• C

need better performance than sprintf gives

I am writing a C program using Visual C/C++ under NT 4.0. Performance is critical.

Some basic tests indicate that sprintf() is a performance dog.  Are there any other ways to format data that are performance friendly?  

What my code does (at a very high level):  my code loops. Each iteration I process a number of different fields (of various data types: int, long, string, etc), contatenating the formatted results to a single text buffer.

I need to sprintf each field individualy rather than a single sprintf for all the fields because for each iteration of the loop it is not known what fields are involved (in fact, each iteration is likely to have a different set of fields).

What I mean by contatenate.....

  Offset = 0;
  Count = sprintf(Buffer, "%d", int_variable);
  Offset += Count;
  Count = sprintf(Buffer + Offset, "%5ld", long_variable);
  Offset += Count;
  Count = sprintf(Buffer + Offset, "%10s", string_variable);
  Offset += Count;
  Buffer[Offset] = '\n';

Who is Participating?
rbrConnect With a Mentor Commented:
I think this would be already faster since only one sprintf call is used
sprintf(Buffer, "%d%5ld%10s\n", int_variable,long_variable,string_variable);

Another way is to use itoa and ltoa but they are not ANSI, or you have to write your own function.

my_itoa (char *buffer,int number)
   unsigned int temp;
   char b,*pstart,*pend;
   int i=0;
   if (number=0)
      strcpy (buffer;"0");
   else {
         while (temp > 0) {
     if (number<0)
     for (;i>0;i--,pstart++,pend--) {
First, the last line you have:

Buffer[Offset] = '\n';

clobbers the null terminator, and you will most likely end up with garbage at the end of the string.  You may want to add:

Buffer[Offset+1] = '\0';

Now, other that sprintf, you could try converting the numbers to strings using a hand coded itoa function (since the itoa function is not ANSI C).  You could then copy this string to the Buffer string using a loop, but I think that this would actually take longer than the sprintf function.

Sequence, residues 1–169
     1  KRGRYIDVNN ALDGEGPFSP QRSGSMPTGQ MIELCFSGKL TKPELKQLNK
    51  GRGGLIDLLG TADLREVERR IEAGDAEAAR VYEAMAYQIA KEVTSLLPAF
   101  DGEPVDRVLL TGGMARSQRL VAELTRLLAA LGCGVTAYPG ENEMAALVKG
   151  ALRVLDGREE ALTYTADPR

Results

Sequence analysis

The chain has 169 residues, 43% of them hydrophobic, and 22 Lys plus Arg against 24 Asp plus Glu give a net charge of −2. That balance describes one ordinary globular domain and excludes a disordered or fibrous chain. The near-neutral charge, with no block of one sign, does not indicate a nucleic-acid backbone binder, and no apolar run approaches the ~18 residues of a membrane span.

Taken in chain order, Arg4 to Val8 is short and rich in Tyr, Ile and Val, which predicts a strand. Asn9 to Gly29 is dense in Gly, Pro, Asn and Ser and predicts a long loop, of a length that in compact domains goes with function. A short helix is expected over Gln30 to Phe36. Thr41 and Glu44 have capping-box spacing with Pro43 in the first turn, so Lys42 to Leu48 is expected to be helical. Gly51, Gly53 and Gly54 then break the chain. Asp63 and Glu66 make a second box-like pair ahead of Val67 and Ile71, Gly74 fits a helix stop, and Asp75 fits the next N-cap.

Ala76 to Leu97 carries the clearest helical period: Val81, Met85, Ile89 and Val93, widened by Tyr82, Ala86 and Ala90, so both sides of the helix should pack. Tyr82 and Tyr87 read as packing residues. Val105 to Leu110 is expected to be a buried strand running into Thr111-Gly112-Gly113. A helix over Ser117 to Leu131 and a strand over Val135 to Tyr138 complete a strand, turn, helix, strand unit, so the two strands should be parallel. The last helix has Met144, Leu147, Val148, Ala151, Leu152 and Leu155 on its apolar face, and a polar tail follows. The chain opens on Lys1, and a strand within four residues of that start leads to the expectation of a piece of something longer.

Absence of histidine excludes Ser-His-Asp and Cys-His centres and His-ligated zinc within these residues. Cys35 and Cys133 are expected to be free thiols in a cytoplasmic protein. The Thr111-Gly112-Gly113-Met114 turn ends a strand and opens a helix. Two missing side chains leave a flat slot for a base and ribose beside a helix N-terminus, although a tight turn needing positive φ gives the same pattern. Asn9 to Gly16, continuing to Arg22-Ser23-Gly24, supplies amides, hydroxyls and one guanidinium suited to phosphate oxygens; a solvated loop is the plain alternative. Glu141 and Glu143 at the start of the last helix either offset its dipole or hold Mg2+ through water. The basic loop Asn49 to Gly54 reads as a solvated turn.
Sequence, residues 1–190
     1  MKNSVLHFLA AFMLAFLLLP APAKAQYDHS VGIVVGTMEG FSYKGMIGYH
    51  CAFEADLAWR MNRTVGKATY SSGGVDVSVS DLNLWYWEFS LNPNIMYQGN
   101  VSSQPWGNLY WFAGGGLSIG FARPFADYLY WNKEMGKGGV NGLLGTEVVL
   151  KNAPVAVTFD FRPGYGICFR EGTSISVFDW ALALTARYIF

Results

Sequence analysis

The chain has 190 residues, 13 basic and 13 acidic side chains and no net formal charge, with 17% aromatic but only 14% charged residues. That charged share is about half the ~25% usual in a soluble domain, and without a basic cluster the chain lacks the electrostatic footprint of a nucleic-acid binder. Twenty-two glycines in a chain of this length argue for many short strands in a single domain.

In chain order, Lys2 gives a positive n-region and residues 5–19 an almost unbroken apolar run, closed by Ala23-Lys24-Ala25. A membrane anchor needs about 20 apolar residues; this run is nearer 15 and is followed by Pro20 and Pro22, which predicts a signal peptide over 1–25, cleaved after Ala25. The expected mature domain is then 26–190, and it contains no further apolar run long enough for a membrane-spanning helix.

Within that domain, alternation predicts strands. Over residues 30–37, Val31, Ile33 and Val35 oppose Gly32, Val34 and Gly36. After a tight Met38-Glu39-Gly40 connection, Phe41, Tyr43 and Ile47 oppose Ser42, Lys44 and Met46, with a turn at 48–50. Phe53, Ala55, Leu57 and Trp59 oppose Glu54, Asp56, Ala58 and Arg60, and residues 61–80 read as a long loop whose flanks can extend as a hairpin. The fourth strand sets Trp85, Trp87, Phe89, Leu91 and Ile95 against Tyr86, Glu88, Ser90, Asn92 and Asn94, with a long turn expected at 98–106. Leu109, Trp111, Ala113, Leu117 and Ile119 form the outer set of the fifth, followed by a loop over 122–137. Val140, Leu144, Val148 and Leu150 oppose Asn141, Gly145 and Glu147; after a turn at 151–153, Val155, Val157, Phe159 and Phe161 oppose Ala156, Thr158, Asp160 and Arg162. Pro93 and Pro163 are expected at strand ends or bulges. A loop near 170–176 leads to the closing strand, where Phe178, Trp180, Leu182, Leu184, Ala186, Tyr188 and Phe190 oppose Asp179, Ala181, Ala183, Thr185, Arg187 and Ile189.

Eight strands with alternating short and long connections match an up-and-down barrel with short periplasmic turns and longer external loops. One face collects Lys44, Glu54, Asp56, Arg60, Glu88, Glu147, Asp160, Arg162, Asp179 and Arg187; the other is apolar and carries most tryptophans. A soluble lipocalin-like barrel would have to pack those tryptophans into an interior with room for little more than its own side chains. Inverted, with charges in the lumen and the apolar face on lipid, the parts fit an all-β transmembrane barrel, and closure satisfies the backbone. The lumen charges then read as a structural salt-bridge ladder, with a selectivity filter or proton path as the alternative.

Also, you mentioned that you could not use a single sprintf function because it would not be known what combination of fields would be used.  If the total number of combinations is realatively small, you might consider using a single sprintf inside a few if .. else control blocks:
  if ( /*field 1 and field 2*/ )
      sprintf( /* field 1 and field 2 */
  else if ( /* field 1 */ )
      sprintf( /* field 1 */)
  /* and so on */
Of course, if there are a number of fields, this quickly becomes impractical.  Hope this helps,

I would think the main performance limit of sprintf is parsing the format string.

If you use functions which don't require parsing, this should be faster.

Even these functions can be improved with hand code functions which know exactly what kind of data your working with.

Writing you own itoa is not strictly necessary, there is an MS extension _itoa, but it might worth it.

Before you start coding again, I assume you have used the profiler (or another technique other than guess work) and confirmed that sprintf is really is the function that is slowing your program down.
If you think condensing the printf calls to one would help, here is a snippet that might help

// note this is off the top of my head so you may have
// to tweak it a bit, but you get the idea

char *pFmt = NULL;
char *pArgs = NULL; // maybe void* will do

int offset = 0;

// run one iteration to find record size
// allocate enough space for record
pArgs = (char*)malloc( N );
// allocate space for format string at, say 5 x field count
pFmt = malloc( FieldCount * 5)

while(got more fields) {
switch( fieldType ){
      case INT_FIELD:
            strcat(pFmt, "%5d");
            *(int*)(pArgs + offset) = valueOfField;
            offset += sizeof(int);
      case DOUBLE_FIELD:
            strcat(pFmt, "%5.2f");
            *(double*)(pArgs + offset) = valueOfField;
            offset += sizeof(double);
      case ETC:
            do other types
      }      // end switch
}      // end while

// not that strcat can easily be optimized with
// use of an offset and pointer arithmentic as well

// pass the data to vsprintf in one shot
// vsprintf will continue digging into pArgs, as long
// as pFmt specifiers need to be matched.
vsprintf(Buffer, pFmt, pArgs);

msaccessAuthor Commented:
All good and helpful suggestions.  But special thanks to
NullTerminator -- initial indications are that your idea will
help me a great deal.

Thanks to everyone for taking the time to help!!!!
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